thoughts on AUD and NZD in light of recent events
We were stopped out of our long AUD/NZD after the stronger than expected NZ labour data on Wednesday.
We were surprised at the strength of the data, like everyone else. In particular, it seemed out of line with the persistently weaker than expected business surveys over the last year. The RBNZ was also surprised by the strength in the data. Their quarterly policy statement forecast a more gradual decline in the unemployment rate, remaining above 4.0% over its forecast horizon into 2021, and predicted softer GDP growth in the second half of this year on the back of the weaker business surveys.
The drop in the unemployment rate from 4.5% to 3.9% was sharp. The underutilization rate fell more sharply from 12.0% to 11.3%, a low since 2008. New Zealand’s labour data has a tendency to be more volatile than other major countries, which may in part reflect its relatively small size, but does suggest some caution in over-interpreting the results. Nevertheless, the data was strong enough to place in question the outlook for the New Zealand economy.
It may well be stronger than we thought, and the business surveys may not be doing a good job of predicting underlying strength in the economy.
Even before this employment data, the RBNZ’s assessment was that the labour market was essentially fully employed and wage pressure should start to build.
Wage growth overall remains subdued. The adjusted LCI dipped from 1.9% to 1.8%y/y in Q3, but it is up from the lows last year at 1.6%. The gains reflect a minimum wage increase and pay settlement increase for healthcare workers. As such, it can be explained by special factors. Nevertheless, the government in planning incremental increases in the minimum wage each April for the next two years, and this may start to generate a bit of upward momentum for wage growth more generally, in the context of a tight labour market.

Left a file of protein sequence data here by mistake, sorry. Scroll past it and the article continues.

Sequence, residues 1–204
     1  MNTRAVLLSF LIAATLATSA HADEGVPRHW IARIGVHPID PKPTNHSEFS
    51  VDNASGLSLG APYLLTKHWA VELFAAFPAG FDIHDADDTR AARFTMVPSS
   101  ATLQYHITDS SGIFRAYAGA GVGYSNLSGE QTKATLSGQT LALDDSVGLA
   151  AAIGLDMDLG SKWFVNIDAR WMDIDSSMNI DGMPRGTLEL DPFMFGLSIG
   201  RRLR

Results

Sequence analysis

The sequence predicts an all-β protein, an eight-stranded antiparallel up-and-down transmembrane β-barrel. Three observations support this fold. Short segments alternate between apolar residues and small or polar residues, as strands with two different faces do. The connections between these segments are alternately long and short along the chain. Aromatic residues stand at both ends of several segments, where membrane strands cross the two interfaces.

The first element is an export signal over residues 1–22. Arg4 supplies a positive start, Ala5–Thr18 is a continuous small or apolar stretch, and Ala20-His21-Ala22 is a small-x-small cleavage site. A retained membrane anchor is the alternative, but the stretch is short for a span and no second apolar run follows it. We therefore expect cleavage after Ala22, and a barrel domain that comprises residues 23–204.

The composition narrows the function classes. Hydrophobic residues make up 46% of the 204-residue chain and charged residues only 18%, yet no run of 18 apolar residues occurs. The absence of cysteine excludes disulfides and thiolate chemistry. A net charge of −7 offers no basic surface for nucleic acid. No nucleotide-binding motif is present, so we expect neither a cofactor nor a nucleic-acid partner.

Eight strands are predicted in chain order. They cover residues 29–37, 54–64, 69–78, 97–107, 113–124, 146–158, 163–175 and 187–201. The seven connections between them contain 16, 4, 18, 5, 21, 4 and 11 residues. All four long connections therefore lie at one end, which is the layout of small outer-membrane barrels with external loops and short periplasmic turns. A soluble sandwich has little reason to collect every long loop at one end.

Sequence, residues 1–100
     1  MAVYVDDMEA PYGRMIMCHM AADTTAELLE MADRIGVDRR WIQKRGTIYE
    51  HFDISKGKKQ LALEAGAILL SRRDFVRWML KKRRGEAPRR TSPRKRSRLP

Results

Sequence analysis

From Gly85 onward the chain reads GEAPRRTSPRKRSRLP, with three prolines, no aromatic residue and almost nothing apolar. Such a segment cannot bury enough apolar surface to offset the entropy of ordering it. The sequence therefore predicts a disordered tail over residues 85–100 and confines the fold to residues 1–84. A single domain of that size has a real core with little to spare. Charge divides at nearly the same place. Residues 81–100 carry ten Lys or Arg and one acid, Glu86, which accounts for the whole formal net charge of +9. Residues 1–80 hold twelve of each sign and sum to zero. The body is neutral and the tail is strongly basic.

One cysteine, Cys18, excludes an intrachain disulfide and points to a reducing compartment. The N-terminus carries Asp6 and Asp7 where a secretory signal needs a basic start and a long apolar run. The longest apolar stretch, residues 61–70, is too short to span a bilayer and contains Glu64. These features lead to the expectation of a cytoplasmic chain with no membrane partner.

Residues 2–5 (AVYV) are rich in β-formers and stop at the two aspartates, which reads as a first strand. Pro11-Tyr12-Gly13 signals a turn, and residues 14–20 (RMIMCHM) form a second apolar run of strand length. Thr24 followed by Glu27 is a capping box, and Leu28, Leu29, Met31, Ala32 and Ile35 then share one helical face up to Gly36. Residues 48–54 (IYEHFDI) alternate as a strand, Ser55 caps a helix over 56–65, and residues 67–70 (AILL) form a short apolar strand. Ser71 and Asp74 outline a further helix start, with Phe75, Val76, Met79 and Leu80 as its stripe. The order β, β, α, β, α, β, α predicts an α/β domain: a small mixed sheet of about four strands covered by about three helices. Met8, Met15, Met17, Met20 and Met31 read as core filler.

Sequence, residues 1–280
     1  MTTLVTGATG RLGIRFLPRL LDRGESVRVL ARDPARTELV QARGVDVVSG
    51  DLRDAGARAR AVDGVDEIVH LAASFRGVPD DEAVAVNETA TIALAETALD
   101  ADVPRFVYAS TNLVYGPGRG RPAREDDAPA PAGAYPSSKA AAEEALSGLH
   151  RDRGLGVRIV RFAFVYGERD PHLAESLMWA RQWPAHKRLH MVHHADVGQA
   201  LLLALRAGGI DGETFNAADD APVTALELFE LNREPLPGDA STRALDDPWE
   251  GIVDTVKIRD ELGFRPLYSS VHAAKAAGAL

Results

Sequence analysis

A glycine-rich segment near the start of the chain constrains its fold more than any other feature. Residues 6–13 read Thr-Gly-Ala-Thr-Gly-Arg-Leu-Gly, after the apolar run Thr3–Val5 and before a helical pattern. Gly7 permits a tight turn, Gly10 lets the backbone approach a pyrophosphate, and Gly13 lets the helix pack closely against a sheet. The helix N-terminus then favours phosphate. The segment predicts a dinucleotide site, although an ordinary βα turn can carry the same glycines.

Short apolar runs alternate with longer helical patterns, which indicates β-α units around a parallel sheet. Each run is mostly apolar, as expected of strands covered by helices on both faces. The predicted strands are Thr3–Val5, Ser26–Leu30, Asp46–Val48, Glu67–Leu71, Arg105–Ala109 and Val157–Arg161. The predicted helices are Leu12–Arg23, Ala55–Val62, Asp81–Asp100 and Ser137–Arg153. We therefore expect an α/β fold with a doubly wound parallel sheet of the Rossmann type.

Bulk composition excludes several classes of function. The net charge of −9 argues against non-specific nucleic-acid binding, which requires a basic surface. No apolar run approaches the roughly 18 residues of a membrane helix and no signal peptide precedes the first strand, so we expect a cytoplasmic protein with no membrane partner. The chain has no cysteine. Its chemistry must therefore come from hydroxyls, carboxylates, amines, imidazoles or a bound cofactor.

The unadjusted LCI was steady at 3.3%y/y growth in Q3, but up from 3.0% in the first half of last year. Ordinary time hourly earnings, that are more volatile and reflect compositional changes in the labour market were higher than expected in the quarter, but slowed from a year earlier from 3.0%y/y to 2.9%y/y, but have risen more abruptly from 1.6%y/y in Q2 last year.
The wage data are not convincingly showing stronger growth, but it has picked up over the last year, and this may be indicative of a tighter labour market. Underlying inflation has also increased over the last year, so overall, price and wage trends suggest that capacity pressures are evident in the economy. As such, the RBNZ’s rates on hold through to 2020 outlook may be underscoring the risk of rate hikes in NZ.
On the other side of the Tasman, however, the Australian labour market data has also been much stronger than expected in recent months, perhaps with less impact on the AUD than the strong NZ labour market data.
This was one of the reasons for our long AUD/NZD position preceding the NZ labour report. We also anticipate a lift in the Australian wage growth data due next week, with little reason for a weak Australian employment report for October, except perhaps for some given-back in the unemployment rate after its recent sharp drop from 5.6% in April to 5.0% in September. The leading indicators of the Australian labour market remain strong, including vacancy data and business surveys.
This appears to partly explain the RBA’s modest upward revision to GDP growth outlined in their policy statement on Tuesday. Our inclination is, therefore, to still buy the AUD/NZD, and we may do so again.
On the other hand, delaying our re-entry is the lack of recovery in Chinese asset markets and weaker energy prices that affect Australian exports of coal and natural gas.
We are also trying to take stock of a range of uncertain global events and fallout from the US elections. Given we have had a number of losing trades of late, we are taking a more cautious approach to new positions.
That said, we would not be surprised to see the AUD/NZD rebound today on the release of the RBA quarterly statement. The policy statement on Tuesday already revealed upgrades to GDP forecast and even a lift to the end-2020 inflation forecast to be at the target of 2.5%. The tone of the statement should be upbeat. We were surprised that the market did not push the AUD up more on the release of the statement on Tuesday.